Bodies in Virtual Space:
Bridging Distance in Arts and Humanities Methods and Practices
A GAHDT METHODS CONVERSATION
—This event will have live transcription—
Many foundational arts and humanities practices rely on corporeal copresence — or have done so until now. The performing arts require temporal coordination and gestural intercommunication among participants. In the humanities, interviewing and other listening methods traditionally rely on interpersonal copresence to energize interaction and facilitate the building of rapport and common ground across social divides.
Participant observation requires the researcher to ask permission to enter the everyday spaces of the community or activity being studied, playing by their rules. Similarly, community engagement presumes in most cases that scholars will leave their academic spaces and interact with communities on their turf or in shared public space. To be sure, a growing number of communities and activities live partially or wholly in virtual space. But the digital divide as well as traditional preferences mean that, for many vulnerable communities, meaningful social interaction is felt to depend on physical copresence, and social trust must also be cultivated face to face. In the extreme case of incarceration, physical copresence is not voluntary and there is a very limited availability of other options.
What happens, then, with the COVID-19 interruption? All of us face new practical and conceptual challenges. Visual and performing artists, who often rely on physical acts in the world, often with collaborators in analog space and time, must find new or different ways to trust materiality, to perceive detail and to interrogate through imagined senses. Researchers face both the disruption of the practices they study and the disruption of their own methods. Ordinary participant observation becomes impossible, while in other ways screen contact may foster more immediate intimacies with individuals across physical and social distance. The interruption of live and co-present practices, whether highly valued or taken for granted, may also foster new kinds of reflection and practice by social actors, and thus new sources of data for researchers. Community engagement projects must reshape themselves according to new priorities and constraints within the communities.
Beyond the bemoaning of the obviously disembodied screen, inequities of access and other real and obdurate barriers, we hope to ask what is possibly gained and what shifts in baseline assumptions and presumptions can be altered or upended in order to maximize deep work.
- 12:45 p.m. Meet and greet setting up Zoom room
- 1 p.m. Formal program begins
- 1:15-2 p.m. Presentations
Participants will briefly address these questions in relation to their GAHDT projects: How have you adapted your methods or practices involving bodies to virtual space? What is lost, gained, maintained, changed — what are the effects of the transposition? What questions does this experience raise for thinking about the body in methods and practices, and more immediately for our work going forward?
- 2-2:15 p.m. Follow-up comments from presenters
- 2:15-2:50 p.m. Moderated discussion
- 2:50-3 p.m. Wrap-up
Jacklyn Brickman | GAHDT graduate fellow, Department of Art
Brickman will share her experience with presenting a visual art experience online and share some modes of translation for collaborative interactive installations.
Trevor Marcho | GAHDT graduate fellow, School of Music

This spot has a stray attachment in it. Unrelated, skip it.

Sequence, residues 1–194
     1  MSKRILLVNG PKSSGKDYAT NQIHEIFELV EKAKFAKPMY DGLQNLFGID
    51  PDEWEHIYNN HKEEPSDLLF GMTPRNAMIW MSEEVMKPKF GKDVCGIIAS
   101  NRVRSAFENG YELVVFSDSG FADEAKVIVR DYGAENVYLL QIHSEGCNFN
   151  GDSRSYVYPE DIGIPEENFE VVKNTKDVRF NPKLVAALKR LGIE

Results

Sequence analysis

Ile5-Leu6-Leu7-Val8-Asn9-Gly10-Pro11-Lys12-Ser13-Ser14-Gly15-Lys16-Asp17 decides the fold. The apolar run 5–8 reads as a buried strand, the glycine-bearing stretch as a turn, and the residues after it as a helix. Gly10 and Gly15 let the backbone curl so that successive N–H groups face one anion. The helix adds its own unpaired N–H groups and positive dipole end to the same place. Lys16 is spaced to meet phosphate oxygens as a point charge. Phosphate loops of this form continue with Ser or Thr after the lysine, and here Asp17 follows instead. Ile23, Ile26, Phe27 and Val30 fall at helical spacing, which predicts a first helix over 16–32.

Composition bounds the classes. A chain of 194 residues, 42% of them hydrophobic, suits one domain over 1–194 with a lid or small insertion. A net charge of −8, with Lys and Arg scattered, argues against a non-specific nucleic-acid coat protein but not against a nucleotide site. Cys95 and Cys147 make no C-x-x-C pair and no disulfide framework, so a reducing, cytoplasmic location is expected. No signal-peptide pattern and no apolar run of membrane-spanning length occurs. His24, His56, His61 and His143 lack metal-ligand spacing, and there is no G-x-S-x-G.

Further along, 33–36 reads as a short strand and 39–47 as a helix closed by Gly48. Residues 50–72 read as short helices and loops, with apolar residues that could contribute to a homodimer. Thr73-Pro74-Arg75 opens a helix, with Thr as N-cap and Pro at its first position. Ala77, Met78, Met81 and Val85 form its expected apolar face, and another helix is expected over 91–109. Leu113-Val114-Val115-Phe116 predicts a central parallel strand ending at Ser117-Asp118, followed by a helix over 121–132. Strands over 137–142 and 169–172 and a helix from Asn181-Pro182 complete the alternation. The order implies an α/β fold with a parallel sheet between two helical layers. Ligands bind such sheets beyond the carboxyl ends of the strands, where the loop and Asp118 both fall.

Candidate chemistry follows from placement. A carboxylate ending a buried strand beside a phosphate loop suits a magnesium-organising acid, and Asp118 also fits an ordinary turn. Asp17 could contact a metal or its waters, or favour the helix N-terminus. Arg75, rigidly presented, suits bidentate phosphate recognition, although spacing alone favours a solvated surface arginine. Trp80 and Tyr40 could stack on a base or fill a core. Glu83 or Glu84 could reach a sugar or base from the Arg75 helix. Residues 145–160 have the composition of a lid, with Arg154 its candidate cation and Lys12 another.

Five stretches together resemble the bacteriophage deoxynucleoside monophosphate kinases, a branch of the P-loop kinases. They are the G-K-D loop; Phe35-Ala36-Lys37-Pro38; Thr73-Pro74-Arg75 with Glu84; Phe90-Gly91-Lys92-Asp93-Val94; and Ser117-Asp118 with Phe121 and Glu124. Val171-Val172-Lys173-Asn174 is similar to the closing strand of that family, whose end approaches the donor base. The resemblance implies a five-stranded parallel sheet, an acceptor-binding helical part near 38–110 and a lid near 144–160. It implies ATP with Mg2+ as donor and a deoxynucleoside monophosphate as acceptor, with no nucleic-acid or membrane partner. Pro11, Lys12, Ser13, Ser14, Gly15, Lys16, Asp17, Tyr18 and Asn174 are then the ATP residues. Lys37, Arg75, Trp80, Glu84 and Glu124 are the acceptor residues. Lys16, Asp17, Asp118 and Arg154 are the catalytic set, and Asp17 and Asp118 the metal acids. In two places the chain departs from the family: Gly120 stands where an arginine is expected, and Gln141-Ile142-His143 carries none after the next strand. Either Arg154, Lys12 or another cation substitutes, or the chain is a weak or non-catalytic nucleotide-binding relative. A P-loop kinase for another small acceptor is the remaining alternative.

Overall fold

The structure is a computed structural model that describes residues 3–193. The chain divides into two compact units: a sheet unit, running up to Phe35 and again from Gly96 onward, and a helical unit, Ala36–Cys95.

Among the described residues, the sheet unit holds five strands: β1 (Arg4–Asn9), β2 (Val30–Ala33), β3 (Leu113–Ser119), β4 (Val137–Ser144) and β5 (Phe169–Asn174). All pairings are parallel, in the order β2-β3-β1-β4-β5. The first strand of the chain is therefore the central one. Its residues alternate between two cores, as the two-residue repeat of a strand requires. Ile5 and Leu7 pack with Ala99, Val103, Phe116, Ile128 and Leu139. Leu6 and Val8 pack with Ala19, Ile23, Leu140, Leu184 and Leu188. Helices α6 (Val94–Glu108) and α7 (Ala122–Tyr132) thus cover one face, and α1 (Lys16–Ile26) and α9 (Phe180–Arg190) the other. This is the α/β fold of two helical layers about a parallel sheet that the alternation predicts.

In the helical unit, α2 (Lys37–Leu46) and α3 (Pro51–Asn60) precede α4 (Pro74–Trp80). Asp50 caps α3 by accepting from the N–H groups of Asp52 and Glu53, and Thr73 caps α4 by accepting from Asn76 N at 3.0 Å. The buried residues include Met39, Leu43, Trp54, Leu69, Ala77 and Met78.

Marcho will discuss Drumming Over a Distance: Through Drumming for Wellness, an initiative for people living with Parkinson's disease to strengthen bonds with their caregivers and families through group music-making, finding new ways to interact with each other, working with musical time and space as we all practice social-distancing.
Susan Melsop | GAHDT faculty fellow, Department of Design
Melsop will discuss leveraging emerging technology for ethically driven, compassionately practiced remote community engagement. Inspired by the social technology of Theory U, Melsop's presentation integrates immersive technology of virtual reality with participatory design (action research) to foster co-creation and social empowerment.
Ryann Patrus | Graduate student, Department of Comparative Studies
Maurice Stevens | Professor, Department of Comparative Studies
Patrus and Stevens will be talking about their experience hosting a virtual workshop called “Transformations in Access and Pedagogy” as part of the Society for Disability Studies conference in spring 2020. As we know, the question of ‘accessibility’ was very much front and center this past semester when so many faculty and students all across the country were forced by circumstances to shift to teaching in/on online platforms. The presenters will discuss some of the ways they shifted in response, having to hold the workshop on Zoom, but also about shifts they did not make. That is, they will also talk about how engagement with transformative access pedagogy already had these concerns and more embedded within it (in part, because of the centrality of questions of technological access, mobility, vulnerability, access intimacy, etc. to disabled bodyminds that were only then becoming concerns shared by folks less marginalized by educational institutions and conventional practices).
Jasper Waugh-Quasebarth | GAHDT postdoctoral fellow, Ohio Field School - Center for Folklore Studies
Waugh-Quasebarth will be representing the Center for Folklore Studies, and the Ohio Field School and Sharing Visions initiatives. As both projects involve significant face-to-face interaction as a core principle, they will speak to how collaborative methodologies can root such projects in equitable relationships that can continue to grow trust and collaborative design through digital spaces.